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New Customers Save $30* with code JULYNEW30

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Hyatt Riesling 2001

Riesling from Yakima Valley, Columbia Valley, Washington
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    Winemaker Notes

    Citrus, floral aromas dominate the bouquet, yielding to peach, pear, and more tropical flavors in the mouth. Residual Sugar 2.8%

    Critical Acclaim

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    Hyatt

    Hyatt Vineyards

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    Hyatt Vineyards, Yakima Valley, Columbia Valley, Washington
    Hyatt Vineyards is a family owned enterprise created by Leland and Lynda Hyatt of Zillah, Washington. The winery site is located three miles north of Zillah, in the Yakima Valley Appellation. The vines were planted in 1983 with first releases in 1987. Currently, the vineyards have grown to three sites, consisting of 120 acres. Merlot, Cabernet Sauvignon, Cabernet Franc, Syrah, Chardonnay, and Riesling are the varieties grown in our estate vineyards. Case production is 30,000 year with a emphasis on superior red wines. Rare ice wine is crafted when conditions allow.

    Yakima Valley

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    Often considered to be the heart of Washington wine country, the Yakima Valley is a sub-AVA of the vast Columbia Valley. The first AVA established in Washington, it is home to some of the state’s most established wineries, and contains three smaller sub-regions: Rattlesnake Hills, Red Mountain, and Snipes Mountain. The climate here is cooler than the rest of the Columbia Valley, making the Yakima Valley ideal for growing white varieties.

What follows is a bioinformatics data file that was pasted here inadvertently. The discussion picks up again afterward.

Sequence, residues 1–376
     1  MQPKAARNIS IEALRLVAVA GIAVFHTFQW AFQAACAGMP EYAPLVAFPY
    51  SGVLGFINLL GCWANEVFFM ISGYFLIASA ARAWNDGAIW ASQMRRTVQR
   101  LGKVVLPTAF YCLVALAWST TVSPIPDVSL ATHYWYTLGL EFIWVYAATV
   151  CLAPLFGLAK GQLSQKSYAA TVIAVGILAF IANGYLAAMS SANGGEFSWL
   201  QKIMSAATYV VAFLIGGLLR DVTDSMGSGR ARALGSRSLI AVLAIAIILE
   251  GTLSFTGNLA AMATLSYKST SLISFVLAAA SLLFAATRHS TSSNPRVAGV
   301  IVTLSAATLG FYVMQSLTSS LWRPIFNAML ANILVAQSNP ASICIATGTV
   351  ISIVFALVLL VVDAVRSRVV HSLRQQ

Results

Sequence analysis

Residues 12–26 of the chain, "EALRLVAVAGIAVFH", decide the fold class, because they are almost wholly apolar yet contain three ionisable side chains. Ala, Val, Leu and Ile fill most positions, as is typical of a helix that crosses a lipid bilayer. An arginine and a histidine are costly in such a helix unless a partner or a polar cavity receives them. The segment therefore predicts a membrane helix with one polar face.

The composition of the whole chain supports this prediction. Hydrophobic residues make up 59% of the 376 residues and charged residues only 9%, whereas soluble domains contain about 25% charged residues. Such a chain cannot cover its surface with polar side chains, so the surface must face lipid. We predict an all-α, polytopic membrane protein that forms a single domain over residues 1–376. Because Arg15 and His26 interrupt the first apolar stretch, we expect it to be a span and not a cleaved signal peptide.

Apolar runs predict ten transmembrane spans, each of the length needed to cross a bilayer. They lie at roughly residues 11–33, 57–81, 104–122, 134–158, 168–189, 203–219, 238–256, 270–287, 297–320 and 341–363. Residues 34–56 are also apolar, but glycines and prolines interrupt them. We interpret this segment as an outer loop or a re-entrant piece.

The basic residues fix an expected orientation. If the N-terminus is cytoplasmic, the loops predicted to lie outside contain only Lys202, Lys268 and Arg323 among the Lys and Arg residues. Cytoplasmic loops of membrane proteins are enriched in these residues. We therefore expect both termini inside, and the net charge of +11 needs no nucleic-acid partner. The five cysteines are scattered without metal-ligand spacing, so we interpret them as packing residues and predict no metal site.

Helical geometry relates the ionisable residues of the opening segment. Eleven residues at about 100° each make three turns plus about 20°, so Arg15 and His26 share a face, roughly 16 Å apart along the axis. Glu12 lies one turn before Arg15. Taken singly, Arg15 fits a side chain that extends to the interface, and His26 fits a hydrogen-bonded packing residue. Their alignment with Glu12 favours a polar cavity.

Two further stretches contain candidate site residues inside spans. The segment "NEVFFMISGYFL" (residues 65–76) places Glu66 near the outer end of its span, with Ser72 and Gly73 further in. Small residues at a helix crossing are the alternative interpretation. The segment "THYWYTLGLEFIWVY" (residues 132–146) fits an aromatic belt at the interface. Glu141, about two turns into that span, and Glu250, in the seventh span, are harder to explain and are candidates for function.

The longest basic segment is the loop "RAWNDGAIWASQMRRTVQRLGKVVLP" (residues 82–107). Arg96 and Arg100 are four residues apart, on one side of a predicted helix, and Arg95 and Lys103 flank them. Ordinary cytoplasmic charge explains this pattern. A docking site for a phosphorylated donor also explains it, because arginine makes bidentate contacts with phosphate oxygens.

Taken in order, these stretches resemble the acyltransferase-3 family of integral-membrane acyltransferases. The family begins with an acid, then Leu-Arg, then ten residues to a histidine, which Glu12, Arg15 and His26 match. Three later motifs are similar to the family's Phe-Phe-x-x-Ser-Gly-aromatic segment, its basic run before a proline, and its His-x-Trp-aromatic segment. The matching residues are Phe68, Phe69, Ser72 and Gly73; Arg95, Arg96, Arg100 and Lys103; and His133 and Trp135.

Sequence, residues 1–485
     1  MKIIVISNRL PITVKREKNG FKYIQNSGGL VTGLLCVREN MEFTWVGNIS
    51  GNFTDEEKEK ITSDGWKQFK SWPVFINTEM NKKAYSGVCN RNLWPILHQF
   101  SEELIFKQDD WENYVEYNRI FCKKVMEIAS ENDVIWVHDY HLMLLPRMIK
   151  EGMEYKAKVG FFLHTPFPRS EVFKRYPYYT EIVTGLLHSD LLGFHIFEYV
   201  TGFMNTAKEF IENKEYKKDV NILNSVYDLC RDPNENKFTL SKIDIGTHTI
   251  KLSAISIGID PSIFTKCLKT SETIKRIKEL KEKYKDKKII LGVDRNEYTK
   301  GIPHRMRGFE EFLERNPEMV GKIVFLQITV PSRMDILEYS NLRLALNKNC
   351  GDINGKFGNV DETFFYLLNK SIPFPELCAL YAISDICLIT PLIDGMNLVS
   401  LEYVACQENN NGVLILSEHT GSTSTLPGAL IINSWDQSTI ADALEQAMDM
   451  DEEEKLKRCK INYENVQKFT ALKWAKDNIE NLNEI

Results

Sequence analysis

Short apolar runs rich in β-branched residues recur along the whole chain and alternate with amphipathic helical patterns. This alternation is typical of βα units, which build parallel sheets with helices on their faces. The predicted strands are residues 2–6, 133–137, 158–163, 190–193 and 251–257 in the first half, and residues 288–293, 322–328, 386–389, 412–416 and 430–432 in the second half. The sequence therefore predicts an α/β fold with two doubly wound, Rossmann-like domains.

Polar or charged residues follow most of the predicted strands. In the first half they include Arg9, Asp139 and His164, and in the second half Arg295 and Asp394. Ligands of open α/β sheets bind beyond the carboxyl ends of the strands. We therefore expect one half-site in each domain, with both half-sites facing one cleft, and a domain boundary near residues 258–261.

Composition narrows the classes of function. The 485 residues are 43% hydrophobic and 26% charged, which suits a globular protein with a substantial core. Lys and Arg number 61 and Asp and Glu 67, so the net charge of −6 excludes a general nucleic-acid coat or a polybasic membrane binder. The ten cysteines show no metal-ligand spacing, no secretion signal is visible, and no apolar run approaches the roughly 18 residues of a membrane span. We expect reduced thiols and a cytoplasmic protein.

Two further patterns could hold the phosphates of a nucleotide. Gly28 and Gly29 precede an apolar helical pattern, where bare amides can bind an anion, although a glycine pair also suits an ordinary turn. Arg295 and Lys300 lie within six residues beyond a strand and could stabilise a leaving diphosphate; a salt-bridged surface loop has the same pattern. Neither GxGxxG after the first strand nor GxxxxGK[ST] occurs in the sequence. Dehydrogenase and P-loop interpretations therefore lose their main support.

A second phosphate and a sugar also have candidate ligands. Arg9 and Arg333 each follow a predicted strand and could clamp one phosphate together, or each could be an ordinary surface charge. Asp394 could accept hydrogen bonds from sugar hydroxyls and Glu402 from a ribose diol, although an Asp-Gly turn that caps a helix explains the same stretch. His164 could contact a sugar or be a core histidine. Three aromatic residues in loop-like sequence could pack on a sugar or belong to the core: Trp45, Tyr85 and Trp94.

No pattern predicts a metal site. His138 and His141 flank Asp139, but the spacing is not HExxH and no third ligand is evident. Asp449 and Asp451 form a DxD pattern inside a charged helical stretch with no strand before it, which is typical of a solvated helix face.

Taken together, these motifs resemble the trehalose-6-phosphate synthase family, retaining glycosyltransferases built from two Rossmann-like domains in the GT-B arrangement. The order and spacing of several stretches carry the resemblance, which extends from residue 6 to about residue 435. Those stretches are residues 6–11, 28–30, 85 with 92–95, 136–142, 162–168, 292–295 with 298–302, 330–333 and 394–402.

Chardonnay is the most planted grape here, followed closely by Riesling—both made in a wide range of styles depending on the warmth of the vineyard site. Because of the cooler climate, Merlot outnumbers darker-fruited, more tannic Cabernet Sauvignon here—an anomaly for Washington viticulture—and takes on characteristics of sweet red fruit with a supple texture, and sometimes notes of chocolate and mint. Yakima Valley Syrah is earthy and savory, complemented by a wide range of berry flavors from red to black.

    Riesling

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    A regal variety of incredible purity and precision, Riesling possesses a remarkable ability to reflect the character of wherever it is grown while still maintaining easily identifiable typicity. This versatile grape can be just as enjoyable dry or sweet, young or old, still or sparkling, and can age longer than nearly any other white variety. Riesling is best known in Germany and Alsace, and is also of great importance in Austria. The variety has also been particularly successful in Australia’s Clare and Eden Valleys, New Zealand, Oregon, Washington, cooler regions of California, and the Finger Lakes in New York.

    In the Glass

    Riesling is low in alcohol, with high acidity, steely minerality, and stone fruit, spice, citrus, and floral notes. At its ripest it leans towards juicy peach and nectarine, and pineapple, while in cooler climes it is more redolent of meyer lemon, lime, and green apple. With age, Riesling can become truly revelatory, developing unique, complex aromatics, often with a hint of gasoline.

    Perfect Pairings

    Riesling is very versatile, enjoying the company of sweet-fleshed fish like sole, most Asian food, especially Thai and Vietnamese (bottlings with some residual sugar and low alcohol are the perfect companions for dishes with substantial spice), and freshly shucked oysters. Sweeter styles work well with fruit-based desserts.

    Sommelier Secret

    It can be difficult to discern the level of sweetness in a Riesling, and German labeling laws do not make things any easier. Look for the world “trocken” to indicate a dry wine, or “halbtrocken” or “feinherb” for off-dry. Some producers will include a helpful sweetness scale on the back label—happily, a growing trend.

    WWB65179_2001 Item# 53551